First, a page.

KARL KEMPTON Engages
Listening To Red by Dona Mayoora
(Timglaset, Malmo, Sweden, 2018)
Malayalam (member of the Dravidian language family in Kerala, India) and English are two of the languages poet-artist Dona Mayoora speaks, writes and illuminates. Contemplating this collection, the conclusion becomes obvious she volunteered as a scribe for Red rendering its whispers through the prism of asemic writing. Works outside this group prove others, such as Blue, also whisper secrets to her inner ear. Moreover, many of her works exhibit by subject of choice and illuminated poetic- and artistic-lined voice, the nuances heard by her intuitive ear.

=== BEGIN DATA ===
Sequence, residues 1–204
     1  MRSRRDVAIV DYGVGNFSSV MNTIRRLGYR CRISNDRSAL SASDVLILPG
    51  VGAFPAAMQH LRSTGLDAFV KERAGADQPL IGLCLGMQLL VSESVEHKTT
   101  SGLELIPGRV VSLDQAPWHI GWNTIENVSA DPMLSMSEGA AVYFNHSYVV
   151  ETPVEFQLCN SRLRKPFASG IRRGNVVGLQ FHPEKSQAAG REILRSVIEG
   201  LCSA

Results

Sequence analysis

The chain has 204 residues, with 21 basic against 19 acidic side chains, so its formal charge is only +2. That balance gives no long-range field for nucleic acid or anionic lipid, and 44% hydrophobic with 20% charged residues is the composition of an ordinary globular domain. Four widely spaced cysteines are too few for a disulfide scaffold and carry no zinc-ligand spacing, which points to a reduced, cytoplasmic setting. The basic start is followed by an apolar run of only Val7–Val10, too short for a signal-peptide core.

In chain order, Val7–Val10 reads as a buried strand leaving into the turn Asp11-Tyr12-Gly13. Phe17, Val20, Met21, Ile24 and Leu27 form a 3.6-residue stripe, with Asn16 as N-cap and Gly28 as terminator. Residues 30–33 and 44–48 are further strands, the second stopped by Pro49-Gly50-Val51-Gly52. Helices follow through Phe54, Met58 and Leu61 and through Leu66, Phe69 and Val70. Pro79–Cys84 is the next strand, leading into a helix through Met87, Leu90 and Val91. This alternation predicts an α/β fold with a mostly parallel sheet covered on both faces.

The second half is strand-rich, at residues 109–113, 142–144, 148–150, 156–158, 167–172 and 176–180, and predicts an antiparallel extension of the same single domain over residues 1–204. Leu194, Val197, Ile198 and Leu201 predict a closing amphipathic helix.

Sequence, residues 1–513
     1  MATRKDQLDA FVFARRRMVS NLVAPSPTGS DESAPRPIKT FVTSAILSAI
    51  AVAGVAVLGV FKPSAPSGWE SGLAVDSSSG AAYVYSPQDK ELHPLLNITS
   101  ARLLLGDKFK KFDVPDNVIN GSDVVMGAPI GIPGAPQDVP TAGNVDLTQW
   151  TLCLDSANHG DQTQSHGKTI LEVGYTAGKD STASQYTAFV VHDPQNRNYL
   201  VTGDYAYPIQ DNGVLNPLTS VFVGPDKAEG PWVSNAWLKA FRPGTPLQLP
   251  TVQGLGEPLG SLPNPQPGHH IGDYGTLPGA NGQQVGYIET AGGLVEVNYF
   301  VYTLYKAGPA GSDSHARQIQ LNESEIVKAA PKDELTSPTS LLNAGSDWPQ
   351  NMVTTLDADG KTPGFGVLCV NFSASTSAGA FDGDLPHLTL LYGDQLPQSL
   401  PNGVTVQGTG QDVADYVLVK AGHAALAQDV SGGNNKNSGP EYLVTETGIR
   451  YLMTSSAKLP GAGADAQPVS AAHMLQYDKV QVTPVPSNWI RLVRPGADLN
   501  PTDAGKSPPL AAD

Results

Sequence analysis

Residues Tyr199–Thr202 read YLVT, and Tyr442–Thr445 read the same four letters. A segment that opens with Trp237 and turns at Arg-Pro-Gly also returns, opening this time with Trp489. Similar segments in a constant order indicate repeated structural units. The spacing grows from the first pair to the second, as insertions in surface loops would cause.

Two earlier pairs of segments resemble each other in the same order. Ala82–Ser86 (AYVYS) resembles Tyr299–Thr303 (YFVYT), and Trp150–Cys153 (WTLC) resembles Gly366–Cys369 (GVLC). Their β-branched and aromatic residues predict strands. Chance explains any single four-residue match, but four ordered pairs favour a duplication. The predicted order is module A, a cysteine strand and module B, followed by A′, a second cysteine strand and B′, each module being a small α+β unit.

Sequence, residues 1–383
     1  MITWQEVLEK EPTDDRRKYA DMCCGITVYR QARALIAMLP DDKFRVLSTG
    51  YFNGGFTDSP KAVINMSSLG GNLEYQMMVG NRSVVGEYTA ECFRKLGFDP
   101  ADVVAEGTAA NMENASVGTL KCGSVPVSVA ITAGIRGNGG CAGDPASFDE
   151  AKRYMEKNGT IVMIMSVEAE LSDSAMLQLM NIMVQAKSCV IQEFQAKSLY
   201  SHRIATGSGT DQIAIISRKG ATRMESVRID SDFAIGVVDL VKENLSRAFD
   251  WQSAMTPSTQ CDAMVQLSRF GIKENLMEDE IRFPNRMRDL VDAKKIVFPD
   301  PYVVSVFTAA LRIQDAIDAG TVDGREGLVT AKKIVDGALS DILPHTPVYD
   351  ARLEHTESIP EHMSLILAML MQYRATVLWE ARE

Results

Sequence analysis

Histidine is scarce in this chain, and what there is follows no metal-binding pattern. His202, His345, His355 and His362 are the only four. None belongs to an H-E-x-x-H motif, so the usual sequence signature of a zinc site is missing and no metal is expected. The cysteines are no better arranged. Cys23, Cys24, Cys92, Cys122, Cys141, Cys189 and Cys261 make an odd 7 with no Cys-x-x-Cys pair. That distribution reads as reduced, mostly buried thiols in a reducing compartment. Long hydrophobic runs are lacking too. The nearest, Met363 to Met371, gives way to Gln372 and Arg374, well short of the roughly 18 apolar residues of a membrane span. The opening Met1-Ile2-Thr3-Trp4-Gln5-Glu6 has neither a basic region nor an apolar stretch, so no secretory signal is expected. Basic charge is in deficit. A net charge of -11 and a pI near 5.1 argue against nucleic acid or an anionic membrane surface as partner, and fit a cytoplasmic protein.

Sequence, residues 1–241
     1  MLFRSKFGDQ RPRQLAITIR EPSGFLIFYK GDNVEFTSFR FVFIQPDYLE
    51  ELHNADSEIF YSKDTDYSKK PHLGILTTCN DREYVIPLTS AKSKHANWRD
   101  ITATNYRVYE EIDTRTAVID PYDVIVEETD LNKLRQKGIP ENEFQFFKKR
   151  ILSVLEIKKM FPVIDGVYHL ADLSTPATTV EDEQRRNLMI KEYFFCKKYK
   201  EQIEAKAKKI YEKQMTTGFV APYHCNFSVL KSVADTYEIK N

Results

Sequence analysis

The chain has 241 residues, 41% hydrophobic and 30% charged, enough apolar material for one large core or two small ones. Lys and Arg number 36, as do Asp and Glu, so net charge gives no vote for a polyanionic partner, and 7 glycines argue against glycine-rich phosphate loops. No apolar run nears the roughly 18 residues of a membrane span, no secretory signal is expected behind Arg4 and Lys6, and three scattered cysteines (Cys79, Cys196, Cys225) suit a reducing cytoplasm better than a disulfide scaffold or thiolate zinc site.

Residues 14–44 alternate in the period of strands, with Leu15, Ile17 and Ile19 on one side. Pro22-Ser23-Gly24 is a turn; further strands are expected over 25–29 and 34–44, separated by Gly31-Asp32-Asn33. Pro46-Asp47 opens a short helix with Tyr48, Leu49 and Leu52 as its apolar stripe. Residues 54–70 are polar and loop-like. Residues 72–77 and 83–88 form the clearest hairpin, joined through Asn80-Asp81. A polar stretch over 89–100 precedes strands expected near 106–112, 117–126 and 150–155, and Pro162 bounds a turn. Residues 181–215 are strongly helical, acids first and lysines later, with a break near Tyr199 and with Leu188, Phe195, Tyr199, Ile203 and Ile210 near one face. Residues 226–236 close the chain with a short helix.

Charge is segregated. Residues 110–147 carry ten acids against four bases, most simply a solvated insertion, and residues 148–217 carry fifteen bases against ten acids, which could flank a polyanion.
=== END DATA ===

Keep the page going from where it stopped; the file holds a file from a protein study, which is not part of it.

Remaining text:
Asemic writing, a post-literate movement, begins with surrealists sourcing from the unconscious to play with meaninglessness, anti-syntax made-up writing shapes. Abstract expressionists exploring with calligraphy-like brush stokes expanded it, again from the unconscious. Some point further back, to rock art as asemic because of its “contemporary meaninglessness.” From the 1950s into the 1990s increased use of abstract verbal signs, iconographics and calligraphies found in global visual text arts solidified by the late 1990s into what has become a formal movement. “Post-literate” carries implications beyond the constraints of this movement. Nevertheless, literally tongue-in-cheek or not, the apocalyptic, or pessimistic suggestion requires comment. There is some justification for this post- of many post-s forming the deconstructive post-modernist fence line, plucked atonally as if a new music of the spheres with which to rewrite the past and present projecting into a future of its own image. Their argument arrives from obvious positive consequences of computer graphics reinventing what the printing press destroyed in Eurocentric cultures, illuminated books and calligraphy. Calligraphy in these regions remains reduced to pretty writing. Iconographic images convey quicker in meaning, greater in expanse than word. That graphics ubiquitously populate today’s media leads to a logical assumed eventuality: image replaces word. However, most asemic writers create without conscious meaning, “write” from the unconscious asking readers/viewers to create their own meaning and intent of the work. Essentially, Rorschach art.